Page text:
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we first built them with

rock and stone from

the moana


they were to keep the

sand from washing into the water

and the earth on the ground


our borders were natural

but then paasipooti entered the tongan vernacular

and we were kept in and out


european pencil lines drawn around

our own plantations

breadfruit trees left to grow over boundaries


prison walls shut before countries do

& pandemics discriminate

& we didn’t come up with the idea of borders


they scar Indigenous skin



new zealand’s perimeter was shut when

the country was overrun with sheep

because there were enough pale hands for shearing


then the trees weighed heavy

with stone fruit and berries

so they opened the gates


and told us to come in

& make ourselves at home

we shelled peas


sanded branches into chairs

and blackberry juice stained

our hands


we bagged rotting apricots to take to our

weather board state houses

our children dripped with juice


we dug makeshift ‘umu into the ground

to make our backyards smell like tonga

and samoa and niue


but winter came

the trees frosted

and stopped talking


leaves became snowflakes and fruit sunk into the mud

our feet got stuck too

so we were told to leave


sweet fruit breaks backs



in te papa’s pacific cultures collection

a 1976 immigration poster tells people

to register and return home with dignity


we no longer had the right

to breathe on land we were lured over to maintain

leave without stigma it reads


the notice is first in english

then samoan

then tongan


forty-four years later i read it in english

and the words block my breath

then i stumble through the tongan


i wonder who translated it

i wonder if they were allowed to stay


everyone else had until the 30th of June 1976 to leave

after which police began to beat through state houses

and any place that looked like it would house brown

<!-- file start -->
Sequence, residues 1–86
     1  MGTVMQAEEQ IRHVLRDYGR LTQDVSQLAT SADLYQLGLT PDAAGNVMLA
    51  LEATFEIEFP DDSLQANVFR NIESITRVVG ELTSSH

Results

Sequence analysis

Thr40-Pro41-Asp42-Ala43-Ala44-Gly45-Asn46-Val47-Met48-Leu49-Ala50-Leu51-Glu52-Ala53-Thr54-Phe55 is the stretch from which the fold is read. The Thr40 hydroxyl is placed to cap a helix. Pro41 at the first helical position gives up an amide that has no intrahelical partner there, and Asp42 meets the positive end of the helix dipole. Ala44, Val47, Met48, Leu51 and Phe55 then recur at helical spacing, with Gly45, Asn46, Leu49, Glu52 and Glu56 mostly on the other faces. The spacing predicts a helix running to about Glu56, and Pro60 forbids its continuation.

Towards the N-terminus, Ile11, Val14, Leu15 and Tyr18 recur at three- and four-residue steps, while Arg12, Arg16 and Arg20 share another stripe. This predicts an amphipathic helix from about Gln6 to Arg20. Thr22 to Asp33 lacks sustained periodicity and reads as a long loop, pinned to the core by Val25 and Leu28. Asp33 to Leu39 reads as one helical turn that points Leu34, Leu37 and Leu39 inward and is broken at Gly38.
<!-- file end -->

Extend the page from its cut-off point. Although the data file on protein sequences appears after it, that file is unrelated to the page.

they placed borders around our suburbs and dreams

before we could even think about

stepping outside them



the media say south auckland with twisted mouths

like it it’ll dirty your hands

if you hold it for too long


but south auckland is where

i first heard tongan not from my father’s mouth

& its where you can buy an overflowing bag of keke for $3


i wander its streets

and carefully place the familiar smells

of me’akai into my backpack


no one here minds that i mispronounce

my own words

they smile and nod and say malo



march 2020

and tonga has shut their borders

to both foreigners and nationals


we are all landlocked by the sea



new zealand’s borders are now shut too

the virus sits on the outer line of the map

we are told to stay inside


so i call my uncle

but i don’t know how to translate pandemic into tongan

i have always sat on the border of my ancestors’ tongue




for blue uniforms again


there are brown bodies


behind the floor length curtains


and in the basement

police are allowed in

but we aren’t allowed out


borders are erected between communities and painted blue

because they are building

safer communities together?



yesterday i saw a tweet that said


i laughed & sent a screenshot to my fāmili whatsapp